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image Interviews are eliciting information from a person or group of people in an informal or formal setting by asking relevant questions and recording the responses.

An interview is a systematic approach designed to elicit business analysis information from a person or group of people by talking to the interviewee(s),
asking relevant questions, and documenting the responses. The interview can also be used for establishing relationships and building trust between business analysts
and stakeholders in order to increase stakeholder involvement or build support for a proposed solution.

The interview is a common technique for eliciting requirements. It involves direct communication with individuals or groups of people who are part of an
 initiative. In an interview, the interviewer directs questions to stakeholders in order to obtain information. One-on-one interviews are the most common.
 In a group interview (with more than one interviewee in attendance), the interviewer is careful to elicit responses from each participant.
There are two basic types of interviews used to elicit business analysis information: • Structured Interview: in which the interviewer has a predefined set of questions.
 • Unstructured Interview: in which the interviewer does not have a predetermined format or order of questions. Questions may vary based on interviewee responses and interactions.

Successful interviewing depends on factors such as: • level of understanding of the domain by the interviewer,
• experience of the interviewer in conducting interviews, • skill of the interviewer in documenting discussions,
• readiness of the interviewee to provide the relevant information and the interviewer to conduct the interview,
• degree of clarity in the interviewee’s mind about the goal of the interview, and • rapport of the interviewer with the interviewee.

.1 Interview Goal When planning interviews, business analysts consider: • the overall purpose of performing a set of interviews, based on a business need, and • the individual goals for each interview, based on what the interviewee can provide. The goals are to be clearly expressed and communicated to each interviewee. .
2 Potential Interviewees Potential interviewees are identified with the help of the project manager, project sponsors, and other stakeholders, based on the goals for the interview. .
3 Interview Questions Interview questions are designed according to the interview goals, such as: • collecting data, • researching the stakeholder’s view of the change or proposed solution, • developing a proposed solution, or • building rapport with or support for the proposed solution from the interviewee.

Open-ended questions are used to elicit a dialogue or series of steps and cannot be answered in a yes or no fashion.
Open-ended questions are a good tool to allow the interviewee to provide information of which the interviewer may be unaware.
Closed questions are used to elicit a single response such as yes, no, or a specific number.
Closed questions can be used to clarify or confirm a previous answer.
The interview questions are often organized based on priority and significance.
Examples of question order include general to specific, start to finish, and detailed to summary.
Questions can also be organized based on factors such as the interviewee's level of knowledge and the subject of the interview.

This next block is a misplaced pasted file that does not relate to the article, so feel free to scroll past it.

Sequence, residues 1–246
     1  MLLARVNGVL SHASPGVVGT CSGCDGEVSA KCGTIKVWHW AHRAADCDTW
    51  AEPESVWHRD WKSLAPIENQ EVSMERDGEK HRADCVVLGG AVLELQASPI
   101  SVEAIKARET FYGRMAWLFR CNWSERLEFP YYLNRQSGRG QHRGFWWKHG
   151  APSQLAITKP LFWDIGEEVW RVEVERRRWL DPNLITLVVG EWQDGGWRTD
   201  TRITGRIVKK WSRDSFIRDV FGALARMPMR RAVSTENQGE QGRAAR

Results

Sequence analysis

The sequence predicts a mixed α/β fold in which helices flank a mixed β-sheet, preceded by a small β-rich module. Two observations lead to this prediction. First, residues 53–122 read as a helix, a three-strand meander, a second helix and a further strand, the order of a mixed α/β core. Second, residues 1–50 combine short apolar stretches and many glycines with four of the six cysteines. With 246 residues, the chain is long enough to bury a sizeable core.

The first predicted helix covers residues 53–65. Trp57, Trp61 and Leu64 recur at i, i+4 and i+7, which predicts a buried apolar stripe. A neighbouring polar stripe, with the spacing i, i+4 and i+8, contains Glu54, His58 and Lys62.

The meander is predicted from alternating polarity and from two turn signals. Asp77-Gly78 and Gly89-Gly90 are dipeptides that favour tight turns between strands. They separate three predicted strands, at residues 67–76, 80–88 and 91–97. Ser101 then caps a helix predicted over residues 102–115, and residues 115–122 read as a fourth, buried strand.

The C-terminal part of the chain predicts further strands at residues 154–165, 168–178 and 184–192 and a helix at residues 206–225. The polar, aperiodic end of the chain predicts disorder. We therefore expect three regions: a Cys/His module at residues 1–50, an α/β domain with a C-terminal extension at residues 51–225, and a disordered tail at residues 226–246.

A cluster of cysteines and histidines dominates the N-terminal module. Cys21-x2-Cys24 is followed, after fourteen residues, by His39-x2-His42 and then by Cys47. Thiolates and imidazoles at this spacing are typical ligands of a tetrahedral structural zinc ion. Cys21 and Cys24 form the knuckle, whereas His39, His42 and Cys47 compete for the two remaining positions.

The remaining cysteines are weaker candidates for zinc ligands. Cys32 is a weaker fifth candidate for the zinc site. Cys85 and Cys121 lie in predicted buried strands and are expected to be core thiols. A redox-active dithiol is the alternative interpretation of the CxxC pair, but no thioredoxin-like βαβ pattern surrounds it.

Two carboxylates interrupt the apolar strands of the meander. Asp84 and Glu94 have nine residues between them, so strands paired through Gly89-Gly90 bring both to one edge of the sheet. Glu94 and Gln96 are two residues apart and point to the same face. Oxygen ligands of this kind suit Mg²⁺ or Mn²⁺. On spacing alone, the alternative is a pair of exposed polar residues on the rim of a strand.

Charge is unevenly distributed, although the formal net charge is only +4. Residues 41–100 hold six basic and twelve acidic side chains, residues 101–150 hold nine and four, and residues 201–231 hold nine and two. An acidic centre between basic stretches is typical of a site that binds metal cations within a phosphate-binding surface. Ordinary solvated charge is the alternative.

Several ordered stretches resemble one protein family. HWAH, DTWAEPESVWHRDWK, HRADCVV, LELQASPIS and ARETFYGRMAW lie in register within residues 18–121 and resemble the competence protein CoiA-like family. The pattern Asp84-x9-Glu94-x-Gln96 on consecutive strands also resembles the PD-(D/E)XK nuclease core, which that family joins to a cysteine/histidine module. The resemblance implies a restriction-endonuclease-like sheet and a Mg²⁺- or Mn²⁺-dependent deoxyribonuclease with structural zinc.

Ensuring a successful interview requires attention to logistics that include:
• The location for the interview. The interview is adapted to the schedule and availability of the interviewee and the mode of communication (in-person, phone, or online conferencing).
• Whether or not to record the interview, which may require the use of a scribe.
• Whether or not to send the questions to the interviewees in advance. Sending questions in advance is advisable only when the interviewee needs to collect information to prepare for the interview.
• Whether the interview results will be confidential and, if so, how the results will be summarized to avoid identifying individual interviewees.

Opening the interview includes: • describing the purpose of the interview, including why the interviewees' time is needed,
• confirming the interviewees' roles and addressing any initial concerns raised by the interviewees, and
• explaining how information from the interview will be recorded and shared with the interviewees and other stakeholders during the project. During the interview, the interviewer:
• maintains focus on the established goals and predefined questions, and adapts based upon the information provided and non-verbal communication from the interviewees,
• considers both the willingness of the interviewees to participate in the interview and to provide the required information,
• considers that several meetings might be required to conduct the entire interview,
• manages concerns raised by the interviewees by addressing them during the interview or documenting them for follow-up,

Closing the interview includes: • asking the interviewees for areas that may have been overlooked in the session,
• providing contact information for the interviewees to follow up with additional information after the meeting as needed,
• summarizing the session, • outlining the process for how the interview results will be used, and
• thanking the interviewees for their time.

It is important for the interviewer to organize the information and confirm results with the interviewees as soon as possible after the interview.
Sharing the information that has been learned allows the interviewees to point out any missed or incorrectly recorded items.


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